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Jury hears recordings in W.Va. murder trial

June 06, 2007|by MATTHEW UMSTEAD

MARTINSBURG, W.VA. - West Virginia State Police Sgt. David E. Boober said Tuesday that virtually none of the blood or other forensic evidence submitted for analysis linked Thomas A. Dawson to the murder of his stepmother, Jeannette K. Dawson, on August 30, 2006.

But what the lead investigator's work lacked in substantial scientific conclusions appears to be countered by incriminating statements made by the accused.

Dawson, who lived next door to his stepmother in Berkeley Village subdivision, was indicted in February on counts of first-degree murder, felony murder, first-degree arson and burglary. He was arrested in September and has since been held without bond in Eastern Regional Jail.

Jurors seated for the fourth day of Thomas Dawson's trial heard audio recordings of his repeated admission of apparent guilt in telephone conversations with family members from the jail and his confession to police on Sept. 5, 2006.

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"I didn't mean to," Dawson was recorded telling his grandmother, Emma Jean Dawson, in a phone conversation. "It was a reaction. When she got up, I just turned around and swung (the hammer)."

The victim received at least 15 blows to the head from what investigators believe was a claw hammer. She died before her stepson allegedly attempted to destroy the evidence by fire three times, according to testimony given last week in the trial.

Upon completing presentation of the state's evidence against Dawson on Tuesday afternoon, Prosecuting Attorney Pamela J. Games-Neely told 23rd Judicial Circuit Judge David H. Sanders that she would seek convictions on counts of felony murder and first-degree arson in accordance with a statute that prevents conviction on all four indicted counts.

Defense attorney Sherman L. Lambert is expected to begin his presentation of evidence today and jurors might not be asked to decide the case until Friday.

In an audio recording of Thomas Dawson's statement to police, the accused appeared to repeatedly apologize for his stepmother's death.

"I'm sorry. I'm really sorry and I wish this never would have happened. ... I'd rather be where she's at right now," Dawson said in an interview with State Police Sgt. James H. Merrill.

Merrill said the accused admitted only that he wanted to get cigarettes and some change from the bedroom of his father, Howard J. "Jimmy" Dawson, and stepmother, but became scared when she awoke to discover him there after her husband left for work.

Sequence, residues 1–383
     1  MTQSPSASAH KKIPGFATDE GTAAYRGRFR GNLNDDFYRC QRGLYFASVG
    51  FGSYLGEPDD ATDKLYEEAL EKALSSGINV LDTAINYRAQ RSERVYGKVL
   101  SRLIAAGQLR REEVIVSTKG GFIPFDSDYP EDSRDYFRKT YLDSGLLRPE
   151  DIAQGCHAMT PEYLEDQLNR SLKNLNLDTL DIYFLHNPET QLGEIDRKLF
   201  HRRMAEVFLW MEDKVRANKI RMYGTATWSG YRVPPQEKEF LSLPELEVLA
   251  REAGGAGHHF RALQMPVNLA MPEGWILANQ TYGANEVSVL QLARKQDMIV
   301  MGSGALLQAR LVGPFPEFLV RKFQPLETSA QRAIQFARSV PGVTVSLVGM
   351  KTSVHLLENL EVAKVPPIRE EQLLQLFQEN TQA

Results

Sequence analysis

Jimmy Dawson told police he left for work just after 5 a.m., and Boober testified that video surveillance footage taken from an Inwood, W.Va., convenience store and shown to the jury Tuesday placed the victim's husband there about 45 minutes later.

Boober said he was unable to verify Jimmy Dawson's testimony last week that he stopped at the 7-Eleven convenience store at Berkeley Station Road and U.S. 11 to get cigarettes.

"(Unlike the Inwood store), we never found him on tape," Boober said.

Jeannette Dawson's mother, Shirley Hott, told jurors Tuesday that her initial statement to police, like those from other family members, appeared to suggest Jimmy Dawson was his wife's attacker.

"I believe in my heart that Jimmy didn't kill her," Hott said after acknowledging her daughter's often turbulent relationship with her son-in-law.

Merrill testified Tuesday that damning statements given by Thomas Dawson's father in his interview with investigators were determined to be those of a "traumatized husband."

Before Tuesday's proceedings, Sanders decided the jury would not be allowed to hear about a letter that Dawson apparently wrote to Boober during proceedings of the trial last week. The letter indicated Dawson's wish to withdraw his confession and statements to police, and that he only confessed to the murder because he was afraid of his father.

Sanders read the letter aloud before the jury was ushered into the courtroom and the judge concluded that it appeared to be an attempt by the defendant to avoid testifying and cross-examination.

Sanders decided to allow Lambert to call additional witnesses to testify, despite objections by Games-Neely that the notice of their testimony was late and did not follow procedure.

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